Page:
An interesting read, I'd say, considering I wrote it. Take a look at least.
I've put a wiki on this server, for no reason at all really. You might want to go there just to add your website to the links.
There have been some interesting changes to the white house web site lately. If you're using Internet Explorer, click the button below to take a look.
I have created a new quotes page for you to enjoy.
Sorry a new entry has been so long in coming. Today, finally, I'd like to talk about the new $20 bill.
Before I say anything further, take a look at it.
Well, when I first saw The New Color of Money, I must admit I was skeptical, as I usually am. How is this that different than The Old Color of Money? What, really, is the big deal?
And then it dawned on me.
The government has stumbled upon a revolutionary new method of stopping counterfeiters. This method, far more advanced than the previously used methods of adding a bunch of tiny details that nobody will notice, adding watermarks, and/or writing small hidden messages on the clothing of whoever's on the bill, will signify a new age of stopping counterfeiters. It doesn't yet have a name, and while I am tempted to call it "Andre's New Method of Stopping Counterfeiters That Dawned on Him When He Saw the New $20 Bill," I must concede the method's ownership, creation, and execution to the U.S. government, and not yours truly.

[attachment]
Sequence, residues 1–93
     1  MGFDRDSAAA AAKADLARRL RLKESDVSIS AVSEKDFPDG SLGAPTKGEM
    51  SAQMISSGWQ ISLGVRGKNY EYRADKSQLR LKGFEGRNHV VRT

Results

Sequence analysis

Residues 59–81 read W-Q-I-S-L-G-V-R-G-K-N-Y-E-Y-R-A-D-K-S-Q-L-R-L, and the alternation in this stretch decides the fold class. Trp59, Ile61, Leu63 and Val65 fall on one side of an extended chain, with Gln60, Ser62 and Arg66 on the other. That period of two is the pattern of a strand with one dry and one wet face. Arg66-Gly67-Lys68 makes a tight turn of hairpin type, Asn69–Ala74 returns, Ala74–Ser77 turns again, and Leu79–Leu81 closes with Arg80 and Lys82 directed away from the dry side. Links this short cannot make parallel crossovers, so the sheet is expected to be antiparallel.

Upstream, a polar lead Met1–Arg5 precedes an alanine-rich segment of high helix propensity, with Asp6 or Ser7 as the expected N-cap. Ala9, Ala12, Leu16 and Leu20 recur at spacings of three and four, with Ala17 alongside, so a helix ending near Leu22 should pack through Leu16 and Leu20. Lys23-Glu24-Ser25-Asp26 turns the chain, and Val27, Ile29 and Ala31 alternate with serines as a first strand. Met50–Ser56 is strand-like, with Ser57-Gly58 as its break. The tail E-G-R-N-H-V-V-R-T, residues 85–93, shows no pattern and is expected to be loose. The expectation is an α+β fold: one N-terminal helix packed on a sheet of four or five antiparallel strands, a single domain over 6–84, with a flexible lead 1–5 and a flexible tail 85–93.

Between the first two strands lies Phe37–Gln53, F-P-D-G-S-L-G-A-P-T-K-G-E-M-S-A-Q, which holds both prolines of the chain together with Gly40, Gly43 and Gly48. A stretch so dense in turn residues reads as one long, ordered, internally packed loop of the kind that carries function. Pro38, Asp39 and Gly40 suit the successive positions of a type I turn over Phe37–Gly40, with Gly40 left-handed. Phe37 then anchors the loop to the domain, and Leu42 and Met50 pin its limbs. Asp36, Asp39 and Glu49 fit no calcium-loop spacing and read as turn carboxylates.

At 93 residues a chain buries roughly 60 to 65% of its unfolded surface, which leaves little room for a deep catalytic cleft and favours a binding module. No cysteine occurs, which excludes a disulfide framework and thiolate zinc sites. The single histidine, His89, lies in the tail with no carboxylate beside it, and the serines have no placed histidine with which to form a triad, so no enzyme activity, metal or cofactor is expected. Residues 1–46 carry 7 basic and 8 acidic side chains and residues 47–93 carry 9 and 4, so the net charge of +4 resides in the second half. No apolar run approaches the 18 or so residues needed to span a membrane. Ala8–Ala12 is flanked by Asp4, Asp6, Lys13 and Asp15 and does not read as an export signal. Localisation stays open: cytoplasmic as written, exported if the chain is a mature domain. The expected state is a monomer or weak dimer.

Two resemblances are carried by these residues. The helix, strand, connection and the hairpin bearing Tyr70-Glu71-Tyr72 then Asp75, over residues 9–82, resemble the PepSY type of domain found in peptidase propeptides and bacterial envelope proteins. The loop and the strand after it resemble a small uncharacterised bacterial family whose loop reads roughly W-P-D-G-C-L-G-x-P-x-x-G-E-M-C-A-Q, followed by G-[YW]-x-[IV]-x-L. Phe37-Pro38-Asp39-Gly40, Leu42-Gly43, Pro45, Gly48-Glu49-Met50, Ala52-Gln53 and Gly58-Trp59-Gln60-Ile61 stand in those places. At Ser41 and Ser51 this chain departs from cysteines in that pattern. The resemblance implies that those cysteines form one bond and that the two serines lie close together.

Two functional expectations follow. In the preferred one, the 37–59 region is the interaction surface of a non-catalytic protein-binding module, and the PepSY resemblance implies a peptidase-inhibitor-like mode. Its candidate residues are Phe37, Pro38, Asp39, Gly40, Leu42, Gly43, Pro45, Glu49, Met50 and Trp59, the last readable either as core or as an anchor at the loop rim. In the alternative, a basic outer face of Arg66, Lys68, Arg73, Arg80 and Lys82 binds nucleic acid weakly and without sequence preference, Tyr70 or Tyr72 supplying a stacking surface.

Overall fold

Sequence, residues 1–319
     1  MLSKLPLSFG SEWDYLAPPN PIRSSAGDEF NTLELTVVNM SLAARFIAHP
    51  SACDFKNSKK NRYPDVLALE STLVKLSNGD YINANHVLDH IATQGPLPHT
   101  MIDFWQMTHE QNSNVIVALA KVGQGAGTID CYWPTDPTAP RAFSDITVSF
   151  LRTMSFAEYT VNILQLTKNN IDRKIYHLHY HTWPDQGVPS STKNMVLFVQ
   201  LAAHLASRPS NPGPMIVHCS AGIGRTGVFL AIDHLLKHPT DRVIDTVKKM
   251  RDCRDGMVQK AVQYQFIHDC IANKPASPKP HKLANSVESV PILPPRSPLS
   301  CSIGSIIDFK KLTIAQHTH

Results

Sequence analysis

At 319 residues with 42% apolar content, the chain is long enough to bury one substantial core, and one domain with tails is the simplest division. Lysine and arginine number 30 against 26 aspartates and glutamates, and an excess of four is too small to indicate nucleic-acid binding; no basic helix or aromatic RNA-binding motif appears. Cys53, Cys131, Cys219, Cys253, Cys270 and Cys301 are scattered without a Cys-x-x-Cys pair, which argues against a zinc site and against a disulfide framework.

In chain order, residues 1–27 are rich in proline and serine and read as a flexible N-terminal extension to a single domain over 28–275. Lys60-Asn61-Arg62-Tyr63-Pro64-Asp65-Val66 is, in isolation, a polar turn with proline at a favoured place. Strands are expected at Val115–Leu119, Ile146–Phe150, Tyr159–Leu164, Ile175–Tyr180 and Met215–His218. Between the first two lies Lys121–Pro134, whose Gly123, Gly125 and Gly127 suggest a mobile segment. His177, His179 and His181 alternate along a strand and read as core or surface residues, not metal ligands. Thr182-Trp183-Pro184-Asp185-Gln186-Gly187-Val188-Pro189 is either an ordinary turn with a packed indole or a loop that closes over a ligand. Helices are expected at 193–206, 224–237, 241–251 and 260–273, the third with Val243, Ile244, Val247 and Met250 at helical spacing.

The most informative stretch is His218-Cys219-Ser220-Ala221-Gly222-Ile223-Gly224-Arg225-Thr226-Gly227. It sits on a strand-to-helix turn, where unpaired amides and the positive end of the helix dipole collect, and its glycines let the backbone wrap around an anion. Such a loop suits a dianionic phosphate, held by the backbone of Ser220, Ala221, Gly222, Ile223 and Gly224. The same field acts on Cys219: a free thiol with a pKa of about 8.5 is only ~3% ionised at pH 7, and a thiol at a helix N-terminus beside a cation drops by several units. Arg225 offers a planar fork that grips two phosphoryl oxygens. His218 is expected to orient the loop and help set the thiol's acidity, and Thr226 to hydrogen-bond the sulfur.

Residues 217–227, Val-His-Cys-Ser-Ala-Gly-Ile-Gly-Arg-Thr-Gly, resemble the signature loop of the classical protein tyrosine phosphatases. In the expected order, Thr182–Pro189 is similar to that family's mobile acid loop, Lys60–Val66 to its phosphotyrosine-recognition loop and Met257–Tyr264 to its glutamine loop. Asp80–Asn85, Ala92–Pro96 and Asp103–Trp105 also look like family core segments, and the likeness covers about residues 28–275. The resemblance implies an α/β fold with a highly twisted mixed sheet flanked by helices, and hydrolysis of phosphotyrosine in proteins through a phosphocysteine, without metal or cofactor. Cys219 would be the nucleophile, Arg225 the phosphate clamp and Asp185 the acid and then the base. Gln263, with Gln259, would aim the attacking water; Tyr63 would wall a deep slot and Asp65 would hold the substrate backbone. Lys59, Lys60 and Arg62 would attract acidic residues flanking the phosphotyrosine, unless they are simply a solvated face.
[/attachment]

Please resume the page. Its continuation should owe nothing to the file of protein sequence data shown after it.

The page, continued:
So I will give it a descriptive moniker, rather than one praising the discoverer. Taking the cue from general-purpose terms used by the cryptographic community such as "Security by Obscurity," I will call this new anti-counterfeiter method...
"Security by Stupidity."
That's right, brilliant, isn't it? Imagine a scenario. Counterfeiter A, let's call him Ezekiel, is sitting in his kitchen when he decides he'd like to have a lot of money, preferably in 20's. So he goes to the nearest store and gets change for the four $5 bills he had under his mattress. He gets the $20, which is one of the New Color.
Ezekiel takes a look at it.
His first thought is, "Hey, they changed it." His second thought, "What the, it looks really stupid." His third thought is a nonverbal laugh. His fourth thought is, "What is this, some kind of warped bobblehead version of Andrew Jackson?"
And the answer, of course, is yes. That's the genius of Security by Stupidity.
Ezekiel thinks it too stupid to even be seen buying things with, so he doesn't counterfeit it.
Of course, Security by Stupidity isn't infallible, so the government incorporated various other security methods. For example, Security by Implicit Threat.
The threat is that your shoulders may become as horribly disfigured as poor Andrew Jackson's. Our sources tell us that we have exclusive evidence of the government campaign to cripple counterfeiters, and that it should arrive by the time I write my next entry, so stick around.